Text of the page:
Prehistoric Copycats

The early human ancestors in Africa were sharing knowledge and communicating across vast distances more than 60,000 years ago, according to a recent study.

A research team discovered that the early Homo sapiens made a 65,000-year-old stone tool in exactly the same shape and using the same template across various sites in southern Africa, the Guardian reported.

Known as a “stone Swiss Army knife,” the multipurpose tool was used for a variety of things, including cutting, drilling and skinning.

Lead author Amy Way explained that because the tools look identical across different sites, it shows that ancient humans had strong communications networks and shared knowledge with each other.

She noted that these artifacts were found on sites that are 1,200 kilometers apart – more than 700 miles.

“One hundred kilometers takes five days to walk, so it’s probably a whole network of groups that (were) mostly in contact with the neighboring group,” Way said.

Way and her team added that the findings also suggest that these long-distance networks existed just before our ancestors decided to migrate in large numbers out of Africa some 60,000 to 70,000 years ago.

“The main theory is that social networks were stronger at this time,” she added. “This analysis shows for the first time that these social connections were in place in southern Africa just before the big exodus.”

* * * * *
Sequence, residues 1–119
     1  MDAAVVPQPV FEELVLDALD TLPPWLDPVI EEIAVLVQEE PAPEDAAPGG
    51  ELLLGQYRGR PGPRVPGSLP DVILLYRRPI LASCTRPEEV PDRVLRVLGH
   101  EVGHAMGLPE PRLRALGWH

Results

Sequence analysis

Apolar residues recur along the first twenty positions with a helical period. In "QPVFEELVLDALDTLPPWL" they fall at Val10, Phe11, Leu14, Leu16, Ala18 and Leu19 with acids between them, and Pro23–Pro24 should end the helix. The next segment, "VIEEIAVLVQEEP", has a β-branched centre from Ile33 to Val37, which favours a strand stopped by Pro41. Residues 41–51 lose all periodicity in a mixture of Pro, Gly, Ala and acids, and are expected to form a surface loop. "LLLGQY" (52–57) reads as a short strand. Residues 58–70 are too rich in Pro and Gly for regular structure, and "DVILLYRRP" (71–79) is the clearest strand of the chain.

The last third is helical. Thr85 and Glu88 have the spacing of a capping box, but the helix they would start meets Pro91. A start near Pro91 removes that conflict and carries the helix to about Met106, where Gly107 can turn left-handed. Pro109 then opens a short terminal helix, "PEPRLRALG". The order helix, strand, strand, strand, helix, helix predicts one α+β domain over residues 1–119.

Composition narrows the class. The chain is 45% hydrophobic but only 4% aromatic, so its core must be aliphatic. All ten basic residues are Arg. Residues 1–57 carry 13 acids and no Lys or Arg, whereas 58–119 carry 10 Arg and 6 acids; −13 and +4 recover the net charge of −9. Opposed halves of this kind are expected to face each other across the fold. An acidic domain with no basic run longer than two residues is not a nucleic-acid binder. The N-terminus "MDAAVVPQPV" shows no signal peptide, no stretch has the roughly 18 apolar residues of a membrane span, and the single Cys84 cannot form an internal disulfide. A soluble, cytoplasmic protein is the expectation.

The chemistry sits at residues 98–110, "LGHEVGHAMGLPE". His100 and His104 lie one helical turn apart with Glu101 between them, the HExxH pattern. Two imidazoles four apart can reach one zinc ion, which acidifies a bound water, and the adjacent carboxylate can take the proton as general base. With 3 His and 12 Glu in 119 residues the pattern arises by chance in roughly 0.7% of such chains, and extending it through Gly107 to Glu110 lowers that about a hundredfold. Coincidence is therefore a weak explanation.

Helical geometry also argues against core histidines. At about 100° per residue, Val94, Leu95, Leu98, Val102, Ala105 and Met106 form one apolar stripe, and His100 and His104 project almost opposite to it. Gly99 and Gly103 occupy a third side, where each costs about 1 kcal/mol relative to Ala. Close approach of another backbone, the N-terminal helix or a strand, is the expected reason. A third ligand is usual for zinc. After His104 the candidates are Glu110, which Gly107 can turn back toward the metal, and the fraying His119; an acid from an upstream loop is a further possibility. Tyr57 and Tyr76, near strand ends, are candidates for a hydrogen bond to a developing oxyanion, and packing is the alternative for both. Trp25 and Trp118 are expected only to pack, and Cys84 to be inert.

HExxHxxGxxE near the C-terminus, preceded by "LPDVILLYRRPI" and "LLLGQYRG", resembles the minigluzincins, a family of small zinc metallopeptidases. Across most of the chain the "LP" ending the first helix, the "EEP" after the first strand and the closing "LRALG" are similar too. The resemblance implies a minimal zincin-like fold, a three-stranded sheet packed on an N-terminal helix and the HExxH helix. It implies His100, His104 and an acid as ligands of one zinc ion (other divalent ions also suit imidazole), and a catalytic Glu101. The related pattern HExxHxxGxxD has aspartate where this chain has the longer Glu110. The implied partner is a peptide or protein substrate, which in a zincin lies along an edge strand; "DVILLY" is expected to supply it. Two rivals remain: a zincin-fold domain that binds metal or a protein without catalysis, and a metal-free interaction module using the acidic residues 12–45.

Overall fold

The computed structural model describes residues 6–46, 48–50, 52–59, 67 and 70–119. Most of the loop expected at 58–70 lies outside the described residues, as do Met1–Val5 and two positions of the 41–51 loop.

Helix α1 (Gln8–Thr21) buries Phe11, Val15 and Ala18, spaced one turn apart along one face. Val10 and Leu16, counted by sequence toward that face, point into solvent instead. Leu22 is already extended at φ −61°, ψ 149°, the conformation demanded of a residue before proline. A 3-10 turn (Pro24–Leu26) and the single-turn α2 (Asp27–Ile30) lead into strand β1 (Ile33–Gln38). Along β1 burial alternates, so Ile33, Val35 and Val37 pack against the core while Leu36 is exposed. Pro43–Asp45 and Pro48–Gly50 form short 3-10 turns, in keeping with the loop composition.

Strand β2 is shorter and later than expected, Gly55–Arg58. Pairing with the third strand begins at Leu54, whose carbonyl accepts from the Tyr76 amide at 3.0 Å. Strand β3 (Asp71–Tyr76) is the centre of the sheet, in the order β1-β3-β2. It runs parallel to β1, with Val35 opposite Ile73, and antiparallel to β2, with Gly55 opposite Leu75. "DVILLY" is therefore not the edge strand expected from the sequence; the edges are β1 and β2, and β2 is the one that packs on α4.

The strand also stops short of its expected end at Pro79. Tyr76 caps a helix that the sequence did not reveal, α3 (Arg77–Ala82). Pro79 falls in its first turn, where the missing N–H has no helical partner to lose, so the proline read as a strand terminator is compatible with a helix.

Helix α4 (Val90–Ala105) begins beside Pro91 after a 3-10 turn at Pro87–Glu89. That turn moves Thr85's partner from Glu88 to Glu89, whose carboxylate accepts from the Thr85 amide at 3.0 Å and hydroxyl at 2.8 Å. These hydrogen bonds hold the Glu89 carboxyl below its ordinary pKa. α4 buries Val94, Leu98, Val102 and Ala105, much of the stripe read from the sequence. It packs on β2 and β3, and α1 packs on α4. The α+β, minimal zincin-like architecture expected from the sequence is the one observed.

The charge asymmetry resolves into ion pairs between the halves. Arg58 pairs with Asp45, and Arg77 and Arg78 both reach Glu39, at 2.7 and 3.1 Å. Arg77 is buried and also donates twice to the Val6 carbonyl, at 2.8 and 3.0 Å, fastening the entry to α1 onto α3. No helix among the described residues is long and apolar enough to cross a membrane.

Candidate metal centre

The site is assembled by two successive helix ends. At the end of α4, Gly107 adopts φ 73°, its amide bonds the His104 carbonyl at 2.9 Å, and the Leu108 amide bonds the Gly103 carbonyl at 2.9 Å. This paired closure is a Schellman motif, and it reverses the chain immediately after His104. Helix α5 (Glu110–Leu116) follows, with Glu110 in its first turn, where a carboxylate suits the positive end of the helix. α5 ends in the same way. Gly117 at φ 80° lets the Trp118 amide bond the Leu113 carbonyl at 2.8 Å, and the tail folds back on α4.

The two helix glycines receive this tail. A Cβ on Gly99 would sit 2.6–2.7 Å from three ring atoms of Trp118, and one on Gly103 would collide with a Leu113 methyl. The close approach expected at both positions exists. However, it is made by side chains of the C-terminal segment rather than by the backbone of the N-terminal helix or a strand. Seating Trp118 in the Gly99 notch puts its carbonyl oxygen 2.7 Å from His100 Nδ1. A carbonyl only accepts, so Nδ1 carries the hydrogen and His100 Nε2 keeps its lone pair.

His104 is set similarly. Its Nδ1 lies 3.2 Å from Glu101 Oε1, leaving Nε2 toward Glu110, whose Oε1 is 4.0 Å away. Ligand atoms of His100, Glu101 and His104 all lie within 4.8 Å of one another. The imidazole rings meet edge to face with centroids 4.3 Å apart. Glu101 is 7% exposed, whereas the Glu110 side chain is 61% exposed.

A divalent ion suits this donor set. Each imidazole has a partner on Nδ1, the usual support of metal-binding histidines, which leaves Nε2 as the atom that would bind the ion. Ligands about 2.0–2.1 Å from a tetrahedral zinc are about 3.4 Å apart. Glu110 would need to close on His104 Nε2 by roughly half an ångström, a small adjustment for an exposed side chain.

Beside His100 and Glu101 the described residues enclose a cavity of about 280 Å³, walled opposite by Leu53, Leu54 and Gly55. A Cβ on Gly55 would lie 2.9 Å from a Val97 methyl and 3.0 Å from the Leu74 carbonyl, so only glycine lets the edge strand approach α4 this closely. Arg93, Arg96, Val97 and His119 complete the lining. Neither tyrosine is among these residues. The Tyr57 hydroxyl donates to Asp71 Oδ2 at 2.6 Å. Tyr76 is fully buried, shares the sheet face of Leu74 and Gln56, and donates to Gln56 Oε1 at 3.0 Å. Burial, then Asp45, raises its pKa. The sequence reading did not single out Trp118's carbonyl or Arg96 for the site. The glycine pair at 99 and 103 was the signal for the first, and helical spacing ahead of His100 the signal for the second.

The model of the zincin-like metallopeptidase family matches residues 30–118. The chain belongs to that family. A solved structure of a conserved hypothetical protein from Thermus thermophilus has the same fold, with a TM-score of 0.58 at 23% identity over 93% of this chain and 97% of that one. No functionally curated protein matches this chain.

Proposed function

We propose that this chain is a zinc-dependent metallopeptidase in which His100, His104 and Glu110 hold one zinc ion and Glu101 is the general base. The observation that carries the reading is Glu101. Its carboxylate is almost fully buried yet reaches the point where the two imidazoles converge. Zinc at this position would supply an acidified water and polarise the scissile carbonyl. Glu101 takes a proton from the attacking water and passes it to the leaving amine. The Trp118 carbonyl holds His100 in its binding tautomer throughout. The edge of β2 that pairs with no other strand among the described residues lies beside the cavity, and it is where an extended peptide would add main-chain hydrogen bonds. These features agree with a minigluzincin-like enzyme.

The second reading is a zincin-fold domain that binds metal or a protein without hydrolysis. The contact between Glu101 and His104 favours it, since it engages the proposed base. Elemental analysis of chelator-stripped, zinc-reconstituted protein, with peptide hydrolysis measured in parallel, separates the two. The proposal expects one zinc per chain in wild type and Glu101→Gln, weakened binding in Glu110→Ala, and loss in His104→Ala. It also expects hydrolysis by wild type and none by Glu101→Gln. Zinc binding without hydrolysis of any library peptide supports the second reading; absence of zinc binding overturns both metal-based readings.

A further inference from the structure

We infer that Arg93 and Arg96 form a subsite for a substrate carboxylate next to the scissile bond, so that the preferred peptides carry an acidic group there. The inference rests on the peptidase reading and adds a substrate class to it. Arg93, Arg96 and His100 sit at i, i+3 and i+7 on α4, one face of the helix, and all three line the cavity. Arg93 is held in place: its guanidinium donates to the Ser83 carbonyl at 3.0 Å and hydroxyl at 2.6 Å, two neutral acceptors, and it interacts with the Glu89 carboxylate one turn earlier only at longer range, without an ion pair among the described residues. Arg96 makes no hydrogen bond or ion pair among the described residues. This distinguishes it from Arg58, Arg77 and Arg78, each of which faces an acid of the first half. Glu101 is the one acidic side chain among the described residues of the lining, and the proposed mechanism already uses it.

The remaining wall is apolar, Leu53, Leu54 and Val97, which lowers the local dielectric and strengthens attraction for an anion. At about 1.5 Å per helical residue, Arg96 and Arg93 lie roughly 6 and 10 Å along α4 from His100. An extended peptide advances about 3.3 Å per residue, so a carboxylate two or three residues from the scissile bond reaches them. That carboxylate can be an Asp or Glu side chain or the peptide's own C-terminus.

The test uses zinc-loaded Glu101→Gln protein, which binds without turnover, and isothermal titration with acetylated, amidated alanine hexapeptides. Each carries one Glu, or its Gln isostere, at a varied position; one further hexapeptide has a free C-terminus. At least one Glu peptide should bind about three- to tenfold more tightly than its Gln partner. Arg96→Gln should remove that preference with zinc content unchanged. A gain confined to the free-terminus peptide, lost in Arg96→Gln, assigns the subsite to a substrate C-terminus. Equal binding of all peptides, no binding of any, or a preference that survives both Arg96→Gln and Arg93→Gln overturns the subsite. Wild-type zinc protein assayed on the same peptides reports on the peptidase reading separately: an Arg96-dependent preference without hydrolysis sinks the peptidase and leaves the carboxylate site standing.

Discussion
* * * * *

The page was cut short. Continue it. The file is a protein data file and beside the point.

Covid Update, Editor’s Note

It was at this time last year that we asked our subscribers whether we should continue the daily COVID-19 Update. Overwhelmingly, you told us you valued the information and asked that we keep publishing it. As we enter the third summer in the “era” of the coronavirus, we now feel more certain that it’s time to cease publishing the Update. Although the pandemic has not ended, the increase in the daily caseloads has slowed greatly around the world and especially in the Top 10 countries; and it looks as if COVID could be part of our lives indefinitely. Before we end publication, we’re giving our readers another opportunity to express your thoughts. Please write to us at

DailyChatter Staff

COVID-19 Global Update

Total Cases Worldwide: 542,130,868

Total Deaths Worldwide: 6,326,038

Total Vaccinations Worldwide: 11,635,142,121

Countries with the highest number of confirmed cases worldwide as of 4 a.m. ET*

  1. US: 86,757,771 (+0.14%)
  2. India: 43,362,294 (+0.04%)
  3. Brazil: 31,962,782 (+0.23%)
  4. France: 30,634,890 (+0.26%)
  5. Germany: 27,681,775 (+0.39%)
  6. UK: 22,769,958 (+0.08%)
  7. South Korea: 18,312,993 (+0.04%)
  8. Russia: 18,140,893 (+0.02%)
  9. Italy: 18,071,634 (+0.32%)
  10. Turkey: 15,085,742 (+0.00%)

Source: Johns Hopkins University

*Numbers change over 24 hours